The comments from Admiral Harry Harris, the head of US Pacific Command (PACOM), came a day after the USS John McCain collided with a merchant ship,
leaving 10 sailors missing and another five injured. It was the fourth such accident involving a US military ship in Asia this year -- and has prompted questions about the operational capabilities of US forces in the region.
"Perception is in the eyes of the beholder, and I will hope that no one will test the US on the perception that we've had a problem with USS John McCain and three other assets -- that would be a very foolhardy thing to do," Harris told reporters at a news conference Tuesday.
Harris' comments come amid continued tensions on the Korean Peninsula, with Washington and Pyongyang trading heated rhetoric and dueling threats. Observers worry that a miscalculation on either side could have serious consequences.
Harris said he believed the McCain's collision would not affect the US military's ability "to defend the (Korean) peninsula and our interest in the region."
"The US Navy is large, we have a lot of capacity, and we will bring that capacity forward if we need to," he said.
The US Navy ordered a one-day operational pause
-- which will be spread out over a couple weeks and conducted at the discretion of individual commands -- in response to the McCain collision, but Harris stressed that the string of incidents will not affect the US military's ability to defend itself from incoming threats.
The John McCain is equipped with the Aegis missile defense system, which is designed to shoot down ballistic missiles from adversaries like North Korea.
A spokesman for the Pacific-based US 7th Fleet said the McCain is one of 14 Aegis-equipped ships the Navy has forward-deployed to Japan, and it plans to add another one next year. In total, the US Navy has 84 vessels equipped with the Aegis system.
"The ballistic missile defense destroyers and cruisers we have in the region are only part of the layered defense we have in the region," said Gen. Vincent K. Brooks, the commander of US Forces Korea.
Open eyes and ears
Flanked by two Patriot missile batteries -- another missile defense system designed to shoot down incoming projectiles -- Harris spoke Tuesday at Osan Air Base just south of Seoul.
The news conference came on the second day of the annual Ulchi Freedom Guardian joint military exercises between the American and South Korean militaries.
Seoul and Washington say the exercises, which have been going on for years, are meant to "enhance readiness, protect the region and maintain stability on the Korean Peninsula," according to the US Department of Defense.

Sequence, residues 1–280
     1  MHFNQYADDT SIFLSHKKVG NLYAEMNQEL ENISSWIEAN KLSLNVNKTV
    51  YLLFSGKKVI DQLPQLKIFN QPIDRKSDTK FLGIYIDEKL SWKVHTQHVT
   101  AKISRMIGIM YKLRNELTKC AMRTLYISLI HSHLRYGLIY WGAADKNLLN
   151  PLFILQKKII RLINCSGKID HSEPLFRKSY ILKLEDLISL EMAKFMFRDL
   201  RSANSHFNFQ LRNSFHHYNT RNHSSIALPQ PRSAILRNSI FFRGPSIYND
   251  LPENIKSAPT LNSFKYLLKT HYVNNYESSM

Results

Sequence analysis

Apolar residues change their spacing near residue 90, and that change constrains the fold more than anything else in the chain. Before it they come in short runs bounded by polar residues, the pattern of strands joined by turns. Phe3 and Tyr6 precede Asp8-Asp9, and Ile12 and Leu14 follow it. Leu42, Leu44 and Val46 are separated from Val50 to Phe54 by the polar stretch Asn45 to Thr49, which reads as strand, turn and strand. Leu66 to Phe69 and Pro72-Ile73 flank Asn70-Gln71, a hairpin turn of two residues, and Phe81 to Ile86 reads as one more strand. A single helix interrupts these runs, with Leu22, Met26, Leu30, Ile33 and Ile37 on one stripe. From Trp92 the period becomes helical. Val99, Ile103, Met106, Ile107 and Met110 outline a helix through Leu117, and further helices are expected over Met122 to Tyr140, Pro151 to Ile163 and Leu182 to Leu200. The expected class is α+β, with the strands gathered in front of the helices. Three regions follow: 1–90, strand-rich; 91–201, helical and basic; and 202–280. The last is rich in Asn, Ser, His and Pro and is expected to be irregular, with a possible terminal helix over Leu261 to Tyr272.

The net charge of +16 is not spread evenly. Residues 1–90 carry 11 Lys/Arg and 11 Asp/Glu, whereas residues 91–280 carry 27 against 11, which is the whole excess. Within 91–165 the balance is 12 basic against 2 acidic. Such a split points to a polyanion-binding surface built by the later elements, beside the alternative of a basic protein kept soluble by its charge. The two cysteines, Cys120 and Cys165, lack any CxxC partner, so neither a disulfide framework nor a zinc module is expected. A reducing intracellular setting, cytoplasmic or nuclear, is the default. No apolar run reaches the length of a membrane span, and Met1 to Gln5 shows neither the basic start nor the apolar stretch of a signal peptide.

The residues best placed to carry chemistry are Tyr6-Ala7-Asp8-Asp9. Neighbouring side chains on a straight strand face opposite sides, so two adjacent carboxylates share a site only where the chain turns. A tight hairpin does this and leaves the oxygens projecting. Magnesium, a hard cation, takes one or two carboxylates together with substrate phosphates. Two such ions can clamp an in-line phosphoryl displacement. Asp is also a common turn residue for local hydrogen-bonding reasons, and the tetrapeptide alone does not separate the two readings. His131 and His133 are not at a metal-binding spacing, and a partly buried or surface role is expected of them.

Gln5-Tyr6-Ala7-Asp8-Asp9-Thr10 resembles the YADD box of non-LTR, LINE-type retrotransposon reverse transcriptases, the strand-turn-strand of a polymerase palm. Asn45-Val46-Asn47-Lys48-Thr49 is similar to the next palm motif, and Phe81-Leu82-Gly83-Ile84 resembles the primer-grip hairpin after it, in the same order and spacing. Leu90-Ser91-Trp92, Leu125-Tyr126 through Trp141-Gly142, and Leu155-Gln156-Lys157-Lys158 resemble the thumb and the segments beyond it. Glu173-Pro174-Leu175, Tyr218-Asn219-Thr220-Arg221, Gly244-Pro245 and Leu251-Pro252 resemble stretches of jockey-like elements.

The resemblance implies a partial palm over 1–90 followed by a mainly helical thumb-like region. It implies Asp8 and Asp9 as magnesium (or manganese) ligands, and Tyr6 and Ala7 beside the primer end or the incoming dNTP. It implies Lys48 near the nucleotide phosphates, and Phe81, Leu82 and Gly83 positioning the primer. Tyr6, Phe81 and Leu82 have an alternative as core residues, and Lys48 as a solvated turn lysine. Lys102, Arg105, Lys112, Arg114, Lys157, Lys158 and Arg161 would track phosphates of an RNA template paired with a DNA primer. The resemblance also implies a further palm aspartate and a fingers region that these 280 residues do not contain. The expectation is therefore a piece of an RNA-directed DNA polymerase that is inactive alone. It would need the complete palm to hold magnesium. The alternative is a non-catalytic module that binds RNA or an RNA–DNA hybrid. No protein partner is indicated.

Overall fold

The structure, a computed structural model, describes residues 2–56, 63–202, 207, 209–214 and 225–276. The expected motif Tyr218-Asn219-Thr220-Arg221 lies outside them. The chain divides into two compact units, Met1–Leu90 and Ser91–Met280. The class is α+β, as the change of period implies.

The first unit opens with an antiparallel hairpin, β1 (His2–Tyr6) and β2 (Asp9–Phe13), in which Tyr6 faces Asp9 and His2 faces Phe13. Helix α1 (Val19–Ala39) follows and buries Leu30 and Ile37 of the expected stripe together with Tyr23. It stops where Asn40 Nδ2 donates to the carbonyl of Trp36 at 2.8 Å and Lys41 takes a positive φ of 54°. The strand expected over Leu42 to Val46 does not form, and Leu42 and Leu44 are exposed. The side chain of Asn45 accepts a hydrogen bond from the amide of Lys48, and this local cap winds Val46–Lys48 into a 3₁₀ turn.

North Korea, however, sees them as practice for an eventual invasion.
A propaganda video released by North Korea's state-run Uriminzokkiri website Saturday, shortly before the start of the exercises, showed senior US leaders -- including Vice President Mike Pence, Secretary of State Rex Tillerson and Secretary of Defense Jim Mattis -- above flames and warned the Trump administration to keep "its eyes and ears open from now on."
The provocative video also appeared to show a missile heading toward the US territory of Guam, an island in the western Pacific that's home to two US military assets, and speculated that "this is the fateful end of sinful US."
Guam, which is the closest US territory to North Korea, was ensnared in last week's heated
back-and-forth between Pyongyang and the United States after being specifically threatened by North Korean state media.
The tense rhetoric has died down somewhat since last Tuesday,
when North Korea's state-run news outlet KCNA reported that North Korean leader Kim Jong Un would opt to wait and see what the "foolish Yankees" do next after being briefed by his military advisers on plan to fire missiles off the coast of Guam.
As the threats rolled, US and Guam officials have reiterated that the multi-layered missile defense system the US operates throughout Asia is designed to keep Guam safe from threats like these, though independent analysts have issued more cautious assessments.
Harris and Brooks offered strong praised US' missile defense systems Tuesday, both made it clear that the current situation on the Korean Peninsula must be resolved diplomatically.
"We hope and we work for a diplomatic solution to the challenge presented by Kim Jong Un. A strong diplomatic effort, backed by a strong military effort, is key," Harris said. "Credible combat power should be in support of diplomacy, not the other way around."